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Posted: 24 August 2007 03:25 PM   [ Ignore ]   [ # 9 ]
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narwhol - 24 August 2007 03:18 PM

That’s possibly why I lost trutaddict at “well,” Occam.

LOL

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Posted: 24 August 2007 05:47 PM   [ Ignore ]   [ # 10 ]
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Thanks for the leads, narwhol.  I’ve got much work to do, apparently.


[quote author=“narwhol”]
As Occam points out, it would take me lecturing you non-stop for many hours to explain the whole thing.

Well, how about we start with something very small.  I just read a bit about moles, and there was mention made about ‘pure substance’ (which I assume is synonymous with ‘element’) 

What technique was used to isolate the first pure substance?  How did they originally capture and distinguish a pure substance for the first time?

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Posted: 24 August 2007 06:04 PM   [ Ignore ]   [ # 11 ]
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No, pure substance can mean a compound too.  It just means that there are no other compounds or elements in the sample.  It’s eay-ish to purify a substance - you either distill it, recrystallise, dry it (in the case of liquids), whatever, depends on the substance, the impurities and whether or not it is liquid solid or gas.  The first one that they would have found, I guess would be gold since that is pretty much entirely pure when you find it in rivers or streams or mines.  Note that practically a substance is considered to be pure when its around 97% of just one substance or higher.

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Posted: 25 August 2007 11:56 AM   [ Ignore ]   [ # 12 ]
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What technique was used to isolate the first pure substance?  How did they originally capture and distinguish a pure substance for the first time?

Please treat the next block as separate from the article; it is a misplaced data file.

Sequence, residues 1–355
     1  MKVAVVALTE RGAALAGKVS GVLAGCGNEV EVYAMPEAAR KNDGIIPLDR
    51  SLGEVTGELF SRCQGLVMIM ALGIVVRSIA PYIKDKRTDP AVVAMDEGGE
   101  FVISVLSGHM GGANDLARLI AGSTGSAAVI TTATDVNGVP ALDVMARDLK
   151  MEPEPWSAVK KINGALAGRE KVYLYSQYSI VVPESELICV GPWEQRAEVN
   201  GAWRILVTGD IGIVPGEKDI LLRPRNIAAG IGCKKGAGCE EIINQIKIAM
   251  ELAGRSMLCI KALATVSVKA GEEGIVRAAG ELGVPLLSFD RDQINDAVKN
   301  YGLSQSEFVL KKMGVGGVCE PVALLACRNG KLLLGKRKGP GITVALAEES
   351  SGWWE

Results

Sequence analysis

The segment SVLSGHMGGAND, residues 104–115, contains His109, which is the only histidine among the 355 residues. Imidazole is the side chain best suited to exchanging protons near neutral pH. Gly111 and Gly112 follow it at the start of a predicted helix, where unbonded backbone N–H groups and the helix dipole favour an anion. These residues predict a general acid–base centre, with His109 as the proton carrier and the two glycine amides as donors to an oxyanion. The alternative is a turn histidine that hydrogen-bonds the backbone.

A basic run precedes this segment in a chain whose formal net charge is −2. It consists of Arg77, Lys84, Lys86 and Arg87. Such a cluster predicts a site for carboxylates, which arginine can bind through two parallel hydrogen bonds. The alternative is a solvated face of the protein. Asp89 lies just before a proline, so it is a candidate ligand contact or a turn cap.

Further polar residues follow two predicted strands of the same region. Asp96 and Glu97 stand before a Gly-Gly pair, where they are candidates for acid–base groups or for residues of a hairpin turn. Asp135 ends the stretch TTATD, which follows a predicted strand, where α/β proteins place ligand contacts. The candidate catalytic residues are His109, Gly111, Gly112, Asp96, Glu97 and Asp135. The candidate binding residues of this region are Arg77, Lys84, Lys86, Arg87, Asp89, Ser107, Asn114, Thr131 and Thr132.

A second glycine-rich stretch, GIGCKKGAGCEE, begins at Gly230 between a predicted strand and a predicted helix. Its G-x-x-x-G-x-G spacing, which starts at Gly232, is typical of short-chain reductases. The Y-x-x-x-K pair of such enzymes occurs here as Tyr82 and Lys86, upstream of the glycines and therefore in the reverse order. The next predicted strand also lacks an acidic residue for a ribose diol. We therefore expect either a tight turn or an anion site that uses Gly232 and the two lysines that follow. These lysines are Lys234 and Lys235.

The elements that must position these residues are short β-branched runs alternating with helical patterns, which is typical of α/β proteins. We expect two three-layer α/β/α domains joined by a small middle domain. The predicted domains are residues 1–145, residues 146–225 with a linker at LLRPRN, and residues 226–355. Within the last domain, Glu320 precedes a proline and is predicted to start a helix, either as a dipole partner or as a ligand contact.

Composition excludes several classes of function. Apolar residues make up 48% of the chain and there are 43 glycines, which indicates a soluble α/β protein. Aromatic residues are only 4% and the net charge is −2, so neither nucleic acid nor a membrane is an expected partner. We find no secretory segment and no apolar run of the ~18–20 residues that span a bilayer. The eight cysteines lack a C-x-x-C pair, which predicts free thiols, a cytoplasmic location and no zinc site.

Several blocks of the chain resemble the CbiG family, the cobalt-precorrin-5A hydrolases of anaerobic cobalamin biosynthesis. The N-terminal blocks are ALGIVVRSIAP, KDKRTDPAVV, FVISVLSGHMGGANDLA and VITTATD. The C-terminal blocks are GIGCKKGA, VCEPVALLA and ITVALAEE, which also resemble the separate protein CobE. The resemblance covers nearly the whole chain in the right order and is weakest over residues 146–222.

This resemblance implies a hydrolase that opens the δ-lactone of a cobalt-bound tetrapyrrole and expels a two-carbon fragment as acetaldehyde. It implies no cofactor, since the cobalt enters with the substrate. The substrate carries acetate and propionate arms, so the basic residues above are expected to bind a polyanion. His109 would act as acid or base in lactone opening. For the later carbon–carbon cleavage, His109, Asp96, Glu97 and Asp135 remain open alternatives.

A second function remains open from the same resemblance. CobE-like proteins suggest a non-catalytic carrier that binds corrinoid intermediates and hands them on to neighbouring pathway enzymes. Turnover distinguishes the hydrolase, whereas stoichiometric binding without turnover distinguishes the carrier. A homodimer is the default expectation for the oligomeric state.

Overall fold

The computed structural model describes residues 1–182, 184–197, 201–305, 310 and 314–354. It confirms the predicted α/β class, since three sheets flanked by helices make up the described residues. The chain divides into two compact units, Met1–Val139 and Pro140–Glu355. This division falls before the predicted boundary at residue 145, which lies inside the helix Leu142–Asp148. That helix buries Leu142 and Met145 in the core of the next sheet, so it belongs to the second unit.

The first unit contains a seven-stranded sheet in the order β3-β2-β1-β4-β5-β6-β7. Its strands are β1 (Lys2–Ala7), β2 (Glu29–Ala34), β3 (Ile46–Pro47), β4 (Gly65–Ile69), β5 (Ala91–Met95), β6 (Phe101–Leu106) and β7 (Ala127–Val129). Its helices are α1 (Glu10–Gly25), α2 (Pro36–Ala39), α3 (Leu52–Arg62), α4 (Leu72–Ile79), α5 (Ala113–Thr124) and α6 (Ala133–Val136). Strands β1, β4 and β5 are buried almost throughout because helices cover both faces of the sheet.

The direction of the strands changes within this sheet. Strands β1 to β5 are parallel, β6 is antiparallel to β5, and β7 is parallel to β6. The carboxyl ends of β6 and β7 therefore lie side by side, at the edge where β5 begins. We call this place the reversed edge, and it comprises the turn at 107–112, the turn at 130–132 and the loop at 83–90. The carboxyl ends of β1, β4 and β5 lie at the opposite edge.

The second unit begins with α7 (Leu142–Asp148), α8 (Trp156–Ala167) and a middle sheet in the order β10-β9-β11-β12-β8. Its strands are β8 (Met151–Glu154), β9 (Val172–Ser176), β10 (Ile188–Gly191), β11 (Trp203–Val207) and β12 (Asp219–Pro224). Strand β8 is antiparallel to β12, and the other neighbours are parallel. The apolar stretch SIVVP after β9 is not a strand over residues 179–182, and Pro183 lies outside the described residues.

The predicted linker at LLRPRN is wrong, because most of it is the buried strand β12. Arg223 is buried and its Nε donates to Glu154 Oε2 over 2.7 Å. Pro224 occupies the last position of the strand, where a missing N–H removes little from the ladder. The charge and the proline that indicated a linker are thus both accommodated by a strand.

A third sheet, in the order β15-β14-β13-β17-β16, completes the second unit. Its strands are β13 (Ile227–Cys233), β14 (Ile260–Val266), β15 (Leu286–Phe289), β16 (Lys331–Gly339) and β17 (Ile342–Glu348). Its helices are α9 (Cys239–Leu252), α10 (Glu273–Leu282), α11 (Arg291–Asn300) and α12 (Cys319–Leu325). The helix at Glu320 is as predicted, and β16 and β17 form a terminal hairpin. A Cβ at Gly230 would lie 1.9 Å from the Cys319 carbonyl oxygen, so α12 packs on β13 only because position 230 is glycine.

Cory, you’re asking the wrong (nit-picking) type of question.  just accept, for now, that they had uncontaminated samples to work with, then learn what moles are.  After you develop a basic understanding of chemistry, you can dig into the smaller things like purity.

Occam

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Posted: 25 August 2007 12:07 PM   [ Ignore ]   [ # 13 ]
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Well, I imagine Cory is asking a historical question ... how was it first done. I’d suggest once again starting with wikipedia ... they have a good historical page on how the first substances were discovered. This is the question of the history of the molecule.

NB: from the wikipedia page,

James Clerk Maxwell published his famous thirteen page article ‘Molecules’ in the September issue of Nature. In the opening section to this article, Maxwell clearly states: “An atom is a body which cannot be cut in two; a molecule is the smallest possible portion of a particular substance.”

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Posted: 25 August 2007 05:52 PM   [ Ignore ]   [ # 14 ]
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Well, there are all sorts of naturally or close to naturally occurring pretty pure substances.  Some examples that come to mind are rain water, salt crystals, sucrose (sugar) crystals, quartz crystals, soot, any mineral crystal, and gold.  I’m sure if we were to spend a few minutes we could come up with quite a few more.  So, it wouldn’t be necessary for the early chemists to purify everything.  Since they liked to tinker, something as simple as heating cinnabar (mercuric sulfide) breaks it down and pure mercury droplets form on the inside of the vessel.

Occam

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Posted: 25 August 2007 09:24 PM   [ Ignore ]   [ # 15 ]
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Occam - 25 August 2007 11:56 AM

What technique was used to isolate the first pure substance?  How did they originally capture and distinguish a pure substance for the first time?

Cory, you’re asking the wrong (nit-picking) type of question.  just accept, for now, that they had uncontaminated samples to work with

No, I refuse to simply fill up my mind with ‘what’ 

I want to start by asking *how*  I want to see what techniques were originally used to isolate the first chemicals. 

I agree with Richard Feynman when he said, “science is not about what things are - it’s about how things are.”

Do you see any significance in making such a distinction, between knowing what and knowing how?